The project is also intended to alleviate pressure on renewable and non-renewable water resources in the area by providing some 850 million cm/y of water. The US’ Harza Engineering Company carried out a feasibility study in the late 1990s, which was subsequently mothballed. Signs that the project is being revived have been welcomed by the region, but enthusiasm has been tempered by the memory of previous delays.
A more immediate project designed to alleviate the water supply issue in the Dead Sea region, with a specific focus on supplying water to hotels in the Dead Sea area, is a large water pipeline project to be completed by the third quarter of 2010. The scheme known as the Jordan Red Sea development project was launched at the end of 2008.
But despite these efforts, Jordan is still far from achieving a constant water supply. As a result, many hotels have their own means of ensuring clean water access to their guests. Small privately owned desalination facilities can be integrated into the structure of new hotels and added to existing hotels. However, a more widely used method is to buy in water in portable tanks.
Swiss hotel operator Kempinski has two hotels, located at Ishtar Dead Sea and in Aqaba in the south of the country, that use this method. According to Ashraf Abul Huda from the group’s Aqaba resort, the flow of water supply is checked once every two hours and tanks of water are ordered on this basis every day. An additional portion is also delivered for emergency use and water recycling technologies are used to conserve as much water as possible.
Water reuse is also at the centre of the water management system at The Dead Sea Spa hotel. Pontos, a subsidiary of German tap and showerhead maker Hansgrohe, has installed a facility that recycles grey water. Water at the hotel is now used three times.
The Pontos system uses a three-step non-chemical treatment process. In the first stage, hair, fluff and other solids are removed using a mechanical pre-filter. This is followed by an aerobic microbiological treatment to reduce the organic content created by shampoos and other contaminants. This is a double treatment conducted in batches. In the final step, the water is disinfected with ultraviolet light.
The Dead Sea Spa hotel’s plant treats 15 cubic metres a day of grey water collected from bathrooms and washbasins. The pre-filter is automatically washed with some of the reclaimed water every four hours and the micro-organisms reproduce themselves so maintenance is minimal.
To allow room for storage, the plant has a capacity of 33 cubic metres. The total investment cost was e100,000 ($136,000). It uses 1.5 kilowatt hours of power to treat one cubic metre of grey water and occupies a space of about 40 square metres. The plant saves more than 5,000 cm/y of drinking water from being used for activities that do not require potable water.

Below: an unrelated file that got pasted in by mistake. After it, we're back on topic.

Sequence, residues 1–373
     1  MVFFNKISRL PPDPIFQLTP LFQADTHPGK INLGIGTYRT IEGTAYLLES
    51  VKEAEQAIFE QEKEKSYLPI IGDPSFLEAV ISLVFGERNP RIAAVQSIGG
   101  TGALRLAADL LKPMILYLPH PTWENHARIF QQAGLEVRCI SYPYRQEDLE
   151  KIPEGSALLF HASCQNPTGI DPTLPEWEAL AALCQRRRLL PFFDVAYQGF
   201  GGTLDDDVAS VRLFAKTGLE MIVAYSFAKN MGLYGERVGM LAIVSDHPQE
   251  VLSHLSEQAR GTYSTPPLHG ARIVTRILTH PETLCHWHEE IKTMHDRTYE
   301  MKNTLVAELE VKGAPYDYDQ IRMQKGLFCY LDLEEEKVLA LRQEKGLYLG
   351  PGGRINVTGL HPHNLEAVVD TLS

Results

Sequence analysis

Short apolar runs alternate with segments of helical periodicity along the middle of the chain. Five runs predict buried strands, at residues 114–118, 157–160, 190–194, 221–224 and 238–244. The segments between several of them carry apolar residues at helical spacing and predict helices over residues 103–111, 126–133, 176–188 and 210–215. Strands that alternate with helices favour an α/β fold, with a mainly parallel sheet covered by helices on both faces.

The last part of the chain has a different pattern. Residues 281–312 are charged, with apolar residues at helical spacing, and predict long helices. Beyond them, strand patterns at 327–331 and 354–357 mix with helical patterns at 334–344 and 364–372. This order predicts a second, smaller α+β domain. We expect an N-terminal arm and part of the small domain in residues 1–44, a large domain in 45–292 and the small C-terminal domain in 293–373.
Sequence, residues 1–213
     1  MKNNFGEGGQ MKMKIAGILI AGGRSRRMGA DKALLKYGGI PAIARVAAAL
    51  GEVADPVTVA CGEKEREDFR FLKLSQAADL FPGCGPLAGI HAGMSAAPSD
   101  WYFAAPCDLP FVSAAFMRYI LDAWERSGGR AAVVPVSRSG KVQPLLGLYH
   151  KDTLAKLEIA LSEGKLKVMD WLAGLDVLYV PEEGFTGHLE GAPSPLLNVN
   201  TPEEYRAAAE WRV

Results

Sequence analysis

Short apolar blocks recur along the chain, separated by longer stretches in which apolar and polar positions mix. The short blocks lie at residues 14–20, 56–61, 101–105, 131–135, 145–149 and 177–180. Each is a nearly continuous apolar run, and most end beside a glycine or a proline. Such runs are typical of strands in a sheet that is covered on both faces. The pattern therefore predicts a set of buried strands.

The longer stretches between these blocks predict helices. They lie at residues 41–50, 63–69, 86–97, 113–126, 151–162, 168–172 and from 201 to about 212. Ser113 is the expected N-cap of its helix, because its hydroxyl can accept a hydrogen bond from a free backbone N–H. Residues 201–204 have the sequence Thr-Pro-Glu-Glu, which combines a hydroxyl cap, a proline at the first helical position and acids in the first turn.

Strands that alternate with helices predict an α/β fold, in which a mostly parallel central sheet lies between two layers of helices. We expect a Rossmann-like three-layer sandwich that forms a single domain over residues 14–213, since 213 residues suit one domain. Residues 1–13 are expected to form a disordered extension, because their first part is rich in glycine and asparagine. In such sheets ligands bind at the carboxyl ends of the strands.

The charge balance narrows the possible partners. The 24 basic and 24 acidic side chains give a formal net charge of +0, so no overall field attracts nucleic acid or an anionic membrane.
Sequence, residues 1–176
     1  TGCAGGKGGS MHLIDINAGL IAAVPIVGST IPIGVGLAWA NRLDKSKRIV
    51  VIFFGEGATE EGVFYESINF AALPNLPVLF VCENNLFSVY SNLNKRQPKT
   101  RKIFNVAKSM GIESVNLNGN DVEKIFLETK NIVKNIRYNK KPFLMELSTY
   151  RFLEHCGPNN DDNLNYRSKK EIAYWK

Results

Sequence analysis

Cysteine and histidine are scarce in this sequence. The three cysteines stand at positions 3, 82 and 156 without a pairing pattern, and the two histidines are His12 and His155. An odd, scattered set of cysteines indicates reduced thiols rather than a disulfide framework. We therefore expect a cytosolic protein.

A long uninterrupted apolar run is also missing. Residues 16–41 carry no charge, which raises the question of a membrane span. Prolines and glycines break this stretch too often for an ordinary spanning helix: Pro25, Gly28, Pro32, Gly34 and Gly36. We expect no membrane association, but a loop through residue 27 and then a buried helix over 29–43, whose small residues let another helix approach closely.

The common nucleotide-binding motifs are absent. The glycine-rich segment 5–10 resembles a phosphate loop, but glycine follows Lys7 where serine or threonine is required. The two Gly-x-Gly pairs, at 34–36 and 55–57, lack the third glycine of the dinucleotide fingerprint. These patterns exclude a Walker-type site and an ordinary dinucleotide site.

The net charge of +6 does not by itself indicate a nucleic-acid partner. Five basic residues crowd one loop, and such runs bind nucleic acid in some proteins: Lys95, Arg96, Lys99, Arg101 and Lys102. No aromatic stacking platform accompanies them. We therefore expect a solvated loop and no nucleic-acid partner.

Developers of hotels that are currently being planned have learnt from the successes and failures of different solutions employed by the country’s existing hotels. Both the InterContinental Hotels Group and Jordanian private shareholding company Saraya Aqaba have hotels currently under construction in the country and are set to incorporate aspects of water storage and reuse into their designs.
Hong Kong-based Swiss-Belhotel International is also planning to build a new four-star hotel near the Dead Sea. According to Devinder Sharma, Swiss-Belhotel International’s regional director of technical services, the hotel will have an agreement with the local authority regarding the reliable supply of water to the hotel.
Like other hotels in the area, the new hotel will use water tankers that deliver water around the clock to the hotels, “as you can’t rely on one source for such a vital operation”. The hotel will also have a grey-water system in place to save water and help with irrigation and cleaning.
However, the use of water tanks remains unsustainable in the long term and water re-use technology, such as the Pontos system, will continue to prove the exception. If Jordan is to resolve its water problems and ensure that its tourism sector is not stymied, it must work towards the timely development of its major water infrastructure projects.
The country must also look at the way in which existing water resources are used. Jordan has a target of reducing demand for water for irrigation from 71 per cent in 2007 to 60 per cent in 2022.
In a presentation delivered by the water and irrigation ministry in August 2009, the need to reform the authorities that regulate the water supply system was identified as a priority. The ministry plans to reorganise the Jordan Valley Authority and the Water Authority of Jordan to eliminate the overlap of functions that currently results in significant duplication of work. By reforming these agencies, Jordan hopes to improve the planning process for new water projects.